Tennessee Williams’ meditation on the death of Jackson Pollock
The Day on Which a Man Dies was written by Tennessee Williams at the height of his public success (1957-59) and kept by the author in reserve. The action in the text is a lover’s quarrel. The main characters are The Man, an acclaimed painter now mocked for his new technique of applying paint with spray-guns; The Woman, the painter’s sharp-tongued companion for eleven years, who has lost faith in him and in his work. The couple argue violently, make up, make love, and betray each other. The Man’s suicide follows soon after. The ceremony of dying has him crashing and crawling through increasingly larger paper screens on which the Woman’s body has been painted. Photo montage by Michael McGowan from the 2009 version with Jeff Christian. Photo below by Johnny Knight of Steve Key, who created the role. See also the 2016 production with Marcel Meyer.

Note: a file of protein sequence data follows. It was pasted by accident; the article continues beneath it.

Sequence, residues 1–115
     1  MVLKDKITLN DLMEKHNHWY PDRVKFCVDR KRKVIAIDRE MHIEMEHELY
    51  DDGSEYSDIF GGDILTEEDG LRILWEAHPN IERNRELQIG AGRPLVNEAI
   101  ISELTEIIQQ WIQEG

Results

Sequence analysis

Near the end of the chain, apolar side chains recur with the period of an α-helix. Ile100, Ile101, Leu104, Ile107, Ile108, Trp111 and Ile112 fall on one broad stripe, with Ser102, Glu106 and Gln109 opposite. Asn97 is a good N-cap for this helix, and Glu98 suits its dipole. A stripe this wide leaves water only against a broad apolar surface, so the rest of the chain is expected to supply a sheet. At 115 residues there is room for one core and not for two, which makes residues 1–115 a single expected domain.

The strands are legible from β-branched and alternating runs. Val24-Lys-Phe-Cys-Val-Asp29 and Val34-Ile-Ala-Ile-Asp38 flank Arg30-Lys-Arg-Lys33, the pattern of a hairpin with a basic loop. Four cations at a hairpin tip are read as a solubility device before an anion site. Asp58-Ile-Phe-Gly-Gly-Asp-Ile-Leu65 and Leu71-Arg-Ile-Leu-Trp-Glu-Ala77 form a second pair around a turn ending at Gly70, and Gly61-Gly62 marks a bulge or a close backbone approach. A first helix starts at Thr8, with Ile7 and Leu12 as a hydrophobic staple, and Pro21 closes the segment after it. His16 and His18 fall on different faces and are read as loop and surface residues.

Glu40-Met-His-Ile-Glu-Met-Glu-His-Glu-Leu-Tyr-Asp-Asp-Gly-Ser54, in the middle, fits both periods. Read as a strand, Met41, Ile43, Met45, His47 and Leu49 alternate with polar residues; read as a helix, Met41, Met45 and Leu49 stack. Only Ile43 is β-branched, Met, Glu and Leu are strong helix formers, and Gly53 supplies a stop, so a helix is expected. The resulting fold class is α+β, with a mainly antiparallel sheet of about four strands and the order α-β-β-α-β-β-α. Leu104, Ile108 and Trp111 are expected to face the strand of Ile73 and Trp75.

In David Kaplan’s definitive production, first shown in Chicago in 2007, the scenery is made entirely of paper that is crushed, rattled, cut with a knife, ripped, soaked, spattered, and sprayed with paint. As per Williams intentions, paintings are created and destroyed in the course of the performance. The bodies of the actors are painted. A progression of color specified by Williams for costumes, scenery and props organizes the meanings of every aspect of the text: story, characters, and the structure of the play. Continue reading →